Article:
Lessons of the Industry as Told Through Popular Film Sequences #2

After you spend years testing everything out, chasing down must-try bottles, searching for unicorns, and crossing each distillery off your list, you realize that the best spirits aren't the most expensive, or the rarest, or the ones that impress your friends the most. The best spirits force you to stop taking notes, put down your pen, and realize why it is that you're doing this in the first place.

-David Driscoll



As we were closing down the Redwood City store yesterday, my co-worker Jeff Garneau said to me:

"Life isn't black or white; it's complex, and nuanced, and difficult to understand. Not everything is instantly clear. The same goes for wine or whisky. But there's no doubt that as a society we've gravitated towards the mindset that anyone who tries to sell you on complexity is trying to pull one over on you, which is why there's an insistence to simplify things."

I thought that was a brilliant statement.

-David Driscoll


Auriverdes Preview

We're still a month away from the U.S. release date, but I managed to get a sneak peak today at Ardbeg's new "Day" release for 2014: the Auriverdes. Bottled at 49.9%, the whisky was reportedly aged in casks with specially toasted heads, creating a richer, bolder flavor profile than the standard Ardbeg expressions. Let's see for ourselves....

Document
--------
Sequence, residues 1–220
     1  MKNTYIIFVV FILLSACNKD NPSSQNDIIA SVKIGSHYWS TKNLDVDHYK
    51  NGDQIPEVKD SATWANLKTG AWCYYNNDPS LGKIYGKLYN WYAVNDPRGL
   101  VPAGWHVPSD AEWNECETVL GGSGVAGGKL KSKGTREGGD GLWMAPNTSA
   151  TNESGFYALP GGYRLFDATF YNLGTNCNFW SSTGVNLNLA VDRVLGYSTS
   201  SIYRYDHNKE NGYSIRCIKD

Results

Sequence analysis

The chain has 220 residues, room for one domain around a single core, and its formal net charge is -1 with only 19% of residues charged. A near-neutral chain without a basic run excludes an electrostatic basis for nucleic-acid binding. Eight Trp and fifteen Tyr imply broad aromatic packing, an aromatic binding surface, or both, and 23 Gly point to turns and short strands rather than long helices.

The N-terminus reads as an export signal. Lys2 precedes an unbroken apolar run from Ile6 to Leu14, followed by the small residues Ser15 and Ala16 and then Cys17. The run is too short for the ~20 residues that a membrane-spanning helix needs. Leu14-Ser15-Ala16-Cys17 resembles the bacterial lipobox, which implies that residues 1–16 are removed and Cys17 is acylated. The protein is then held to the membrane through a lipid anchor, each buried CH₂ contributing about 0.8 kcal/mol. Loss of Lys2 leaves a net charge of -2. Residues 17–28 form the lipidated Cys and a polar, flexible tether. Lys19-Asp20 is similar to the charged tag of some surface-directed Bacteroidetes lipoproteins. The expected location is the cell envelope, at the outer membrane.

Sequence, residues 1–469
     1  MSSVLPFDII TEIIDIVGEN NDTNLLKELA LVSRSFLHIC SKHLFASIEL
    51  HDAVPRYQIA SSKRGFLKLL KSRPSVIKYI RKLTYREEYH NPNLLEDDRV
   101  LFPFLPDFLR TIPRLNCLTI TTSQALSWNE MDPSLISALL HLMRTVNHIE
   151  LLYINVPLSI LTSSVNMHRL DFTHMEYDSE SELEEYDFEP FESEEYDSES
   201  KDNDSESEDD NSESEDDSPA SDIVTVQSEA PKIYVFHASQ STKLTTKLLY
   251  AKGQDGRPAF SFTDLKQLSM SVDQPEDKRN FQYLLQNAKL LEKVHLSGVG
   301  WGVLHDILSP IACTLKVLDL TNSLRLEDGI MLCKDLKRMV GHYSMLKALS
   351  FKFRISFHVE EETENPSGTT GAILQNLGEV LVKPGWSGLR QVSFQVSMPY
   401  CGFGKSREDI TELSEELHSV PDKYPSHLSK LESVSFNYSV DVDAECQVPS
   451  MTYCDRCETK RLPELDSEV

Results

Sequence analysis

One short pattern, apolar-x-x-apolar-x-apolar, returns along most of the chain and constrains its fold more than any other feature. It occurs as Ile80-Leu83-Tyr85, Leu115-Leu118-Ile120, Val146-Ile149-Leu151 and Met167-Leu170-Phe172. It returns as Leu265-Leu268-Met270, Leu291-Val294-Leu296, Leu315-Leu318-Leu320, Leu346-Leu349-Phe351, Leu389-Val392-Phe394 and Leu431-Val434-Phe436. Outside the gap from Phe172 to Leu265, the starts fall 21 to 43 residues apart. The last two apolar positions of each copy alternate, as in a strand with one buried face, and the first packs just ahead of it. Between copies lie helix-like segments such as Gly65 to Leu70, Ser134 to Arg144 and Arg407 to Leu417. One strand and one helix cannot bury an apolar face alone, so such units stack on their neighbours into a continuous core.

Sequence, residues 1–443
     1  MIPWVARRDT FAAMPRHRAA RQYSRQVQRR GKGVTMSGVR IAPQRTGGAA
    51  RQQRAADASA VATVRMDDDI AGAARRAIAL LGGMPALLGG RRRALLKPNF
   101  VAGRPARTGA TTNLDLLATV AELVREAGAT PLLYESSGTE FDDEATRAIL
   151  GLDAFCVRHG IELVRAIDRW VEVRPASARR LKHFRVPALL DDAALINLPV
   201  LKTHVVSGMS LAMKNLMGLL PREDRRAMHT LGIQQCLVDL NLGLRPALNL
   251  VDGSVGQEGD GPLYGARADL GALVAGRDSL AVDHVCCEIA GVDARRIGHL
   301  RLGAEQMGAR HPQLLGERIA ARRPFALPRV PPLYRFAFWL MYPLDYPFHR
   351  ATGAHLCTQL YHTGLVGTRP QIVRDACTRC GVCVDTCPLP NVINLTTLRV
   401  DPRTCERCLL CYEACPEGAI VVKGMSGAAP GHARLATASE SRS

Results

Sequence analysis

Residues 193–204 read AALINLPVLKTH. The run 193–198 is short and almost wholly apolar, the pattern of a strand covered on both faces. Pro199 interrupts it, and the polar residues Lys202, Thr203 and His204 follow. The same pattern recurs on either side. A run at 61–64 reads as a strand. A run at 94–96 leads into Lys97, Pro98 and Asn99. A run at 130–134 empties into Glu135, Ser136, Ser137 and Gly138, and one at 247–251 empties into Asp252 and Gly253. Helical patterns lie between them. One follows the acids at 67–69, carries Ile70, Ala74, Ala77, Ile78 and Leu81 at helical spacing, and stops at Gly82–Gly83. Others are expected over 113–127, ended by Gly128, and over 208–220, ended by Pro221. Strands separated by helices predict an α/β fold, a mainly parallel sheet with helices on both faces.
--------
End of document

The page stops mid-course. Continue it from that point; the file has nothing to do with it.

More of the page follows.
The nose smells like standard Ardbeg with the brine and the peat, but without much added richness. The peat and smoke explode on the palate, much like they do with the other Ardbeg whiskies. My first few sips didn't reveal much added depth (even though I really liked the whisky), but I kept at it and came back later to see if maybe the whisky would change on me. It did.

The second time around I got the blast of Islay goodness, but the vanilla note was much more apparent. It's there, it's just buried under all that spice. It's like a Werther's Original covered in phenolic powder -- it's not really clear what's at the core until you get under all that peat. The finish lasts for quite sometime, too -- almost going menthol after a few minutes. I definitely get the idea of Auri (gold -- as in vanilla) and Verdes (green -- as in peat), so overall I think the whisky accomplishes what it sets out to do -- and it's quite tasty.